How Houzz Fits With Your Social Media Strategy

Houzz isn't like Facebook or Pinterest, but you shouldn't ignore it. Here's how to use it effectively in your social media strategy.

Alison Martin
10/25/2017
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Where does Houzz fit into social media? We've got the answer.

Of all the online platforms for design professionals, Houzz seems to be the most confusing. Is it social media? Should you be posting to it every day? Is it more important than Pinterest or Instagram?

Most digital marketers don't consider Houzz to be a social media platform, but that doesn't mean you should ignore it. In fact, there are plenty of ways to use Houzz to bolster your other social media platforms. Here's how to fit Houzz into your social media strategy.

Build a sociable portfolio

For most consumers looking for a design professional, Houzz is their first stop, so you want to make a good impression on those who take a look at your profile. Unlike Facebook or Instagram, you don't just a make a profile and Houzz and leave it at that.

You should be regularly updating your portfolio to make sure that your more recent projects reflect your style. You probably already have a portfolio on your website, but you should still create one on Houzz too. Clients who search for designers through Houzz rather than Google need to see your work, so if you only have photos on your website, clients on Houzz wprobably won't click over to your site, no matter how accomplished you are.

Designers can post as many projects as they want to their portfolios. With this flexibility, don't feel like you can only post your absolute best work like you would on your website. You can still post photos of more low-key projects to showcase your range of talents. Clients with all types of budgets can find you on Houzz, so it's good to have a mix of big-budget and small-budget projects.

When posting to your portfolio, keep these tips in mind:

- Upload at least five photos: Not all projects have to be professionally shot (though most should). If you don't have the means to hire a photographer, invest in a nice camera and take the photos yourself. 

- Write a good description: Tell prospective clients a bit about the space and the styles you used in the design. If there is a specific feature, piece of furniture or design you're especially proud of, shout it out. Don't forget to include the general location of the space (just the city or zip code, no addresses).

- Avoid close-up shots: Some designers like to take artsy photos of accessories. Avoid these for your portfolio. Show off the overall design.

Don't forget to share these images to your Instagram account. When you upload new photos to your portfolio, post them one at a time to Instagram over the course of a week and include a link to that specific Houzz portfolio in your bio. Your posts can talk more about the project and your design point of view.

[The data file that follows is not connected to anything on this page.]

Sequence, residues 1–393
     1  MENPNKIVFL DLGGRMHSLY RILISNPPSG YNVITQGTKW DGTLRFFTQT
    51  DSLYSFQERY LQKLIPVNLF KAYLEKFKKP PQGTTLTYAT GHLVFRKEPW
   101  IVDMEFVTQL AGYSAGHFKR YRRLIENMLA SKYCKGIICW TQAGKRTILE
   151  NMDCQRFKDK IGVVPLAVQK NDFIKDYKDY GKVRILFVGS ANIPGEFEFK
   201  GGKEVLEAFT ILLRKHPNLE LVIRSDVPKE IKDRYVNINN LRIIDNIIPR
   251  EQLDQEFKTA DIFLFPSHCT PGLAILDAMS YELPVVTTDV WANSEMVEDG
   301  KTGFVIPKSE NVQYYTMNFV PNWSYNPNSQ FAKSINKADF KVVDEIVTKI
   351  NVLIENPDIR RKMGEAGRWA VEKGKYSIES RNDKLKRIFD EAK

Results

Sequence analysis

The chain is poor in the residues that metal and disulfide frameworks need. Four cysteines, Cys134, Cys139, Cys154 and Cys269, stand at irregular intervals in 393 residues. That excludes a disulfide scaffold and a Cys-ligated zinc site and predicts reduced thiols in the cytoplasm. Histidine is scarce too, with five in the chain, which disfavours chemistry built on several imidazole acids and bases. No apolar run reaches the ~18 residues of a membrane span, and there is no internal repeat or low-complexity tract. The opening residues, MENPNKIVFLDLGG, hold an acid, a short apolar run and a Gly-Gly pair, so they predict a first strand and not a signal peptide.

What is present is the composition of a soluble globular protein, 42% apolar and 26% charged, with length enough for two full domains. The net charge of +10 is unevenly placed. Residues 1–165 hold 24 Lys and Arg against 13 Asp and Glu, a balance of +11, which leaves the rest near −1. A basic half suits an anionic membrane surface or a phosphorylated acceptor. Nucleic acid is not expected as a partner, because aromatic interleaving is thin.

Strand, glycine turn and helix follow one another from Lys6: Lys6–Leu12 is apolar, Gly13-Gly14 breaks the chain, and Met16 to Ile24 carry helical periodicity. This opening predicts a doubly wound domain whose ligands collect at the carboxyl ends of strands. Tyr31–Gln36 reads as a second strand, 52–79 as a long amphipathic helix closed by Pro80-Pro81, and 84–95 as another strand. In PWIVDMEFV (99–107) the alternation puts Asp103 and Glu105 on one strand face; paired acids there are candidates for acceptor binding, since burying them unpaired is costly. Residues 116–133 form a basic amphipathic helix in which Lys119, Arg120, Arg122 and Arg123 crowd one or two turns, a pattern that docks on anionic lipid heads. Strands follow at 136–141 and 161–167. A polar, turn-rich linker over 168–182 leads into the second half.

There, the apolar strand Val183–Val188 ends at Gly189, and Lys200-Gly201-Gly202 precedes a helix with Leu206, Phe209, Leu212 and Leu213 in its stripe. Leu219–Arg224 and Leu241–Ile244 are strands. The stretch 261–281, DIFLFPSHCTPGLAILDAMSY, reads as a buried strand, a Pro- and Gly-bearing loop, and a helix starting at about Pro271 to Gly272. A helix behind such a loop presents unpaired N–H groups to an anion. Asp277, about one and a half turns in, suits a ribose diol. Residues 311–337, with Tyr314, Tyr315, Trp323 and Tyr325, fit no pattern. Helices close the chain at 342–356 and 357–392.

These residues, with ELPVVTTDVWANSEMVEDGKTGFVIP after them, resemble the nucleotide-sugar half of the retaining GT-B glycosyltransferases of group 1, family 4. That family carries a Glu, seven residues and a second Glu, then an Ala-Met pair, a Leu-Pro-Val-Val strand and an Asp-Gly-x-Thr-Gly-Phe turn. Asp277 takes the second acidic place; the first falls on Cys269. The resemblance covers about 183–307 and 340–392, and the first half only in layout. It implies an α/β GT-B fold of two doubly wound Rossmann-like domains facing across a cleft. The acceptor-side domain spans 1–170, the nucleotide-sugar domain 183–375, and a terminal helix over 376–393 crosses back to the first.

Create Ideabooks even if you don't use them

Ideabooks function like Pinterest boards. Some designers use them to curate the look of a room or recommend specific products for a client. Others use Ideabooks to pull specific styles together that they might not regularly design and do not have photography of. If you don't use Ideabooks for clients, then you can use them to give prospective clients an idea of the styles you like in settings you might not regularly design. 

For example, you may not design many large spa bathrooms, but for that one client that wants a large spa bathroom, you want to give him or her an idea of how you would design this space. Create an Ideabooks using a mix of products you would use and photos of finished spa bathrooms from other designers not in your area.

You can also use idea books to show off your favorite styles. If you love Mid-Century Modern, then you might have an Ideabooks devoted solely to Mid-Century Modern furniture. Clients who share your style obsessions will love your Ideabooks and want to work with you.

Share new Ideabooks to your Facebook to show your followers what you're up to. Your fellow design lovers will enjoy your perspective.

Make time for articles and discussions

Over the years, Houzz has grown from a directory site to a full news-like site. Under Stories & Advice, you'll find hundreds of articles on design guides, how-tos and advice columns as well as discussions and polls.

While you may not need to the how-to guides, it's a good idea to read through a few Houzz articles and comment or like them. Commenting to agree or offer a different perspective helps you establish your authority as a designer, and it's a good way to direct consumers to your profile. If they agree with your comment, they might hire you or like your Idea Books or portfolio images. The same goes for discussions. Throwing in your two cents can give prospective clients an idea of how you design spaces.

When you find an article you like or hate, post it to Facebook or Twitter and ask your followers for their opinions. If you struggle with blogging and creating your own content, sharing Houzz articles will give you something to talk about with your followers, and if they like what you post, they'll want to keep following you to see what you'll find next.

You should spend some time on Houzz every week, reading articles, participating in discussions and uploading new photos to your portfolio. You can share your activities and articles on other social media platforms to help keep followers engaged and talking. Houzz really provides great social media fodder, so keep up on it, and your social media posts will look more interesting and thoughtful.

Tell us: How are you using Houzz right now? Share with us in the comments!

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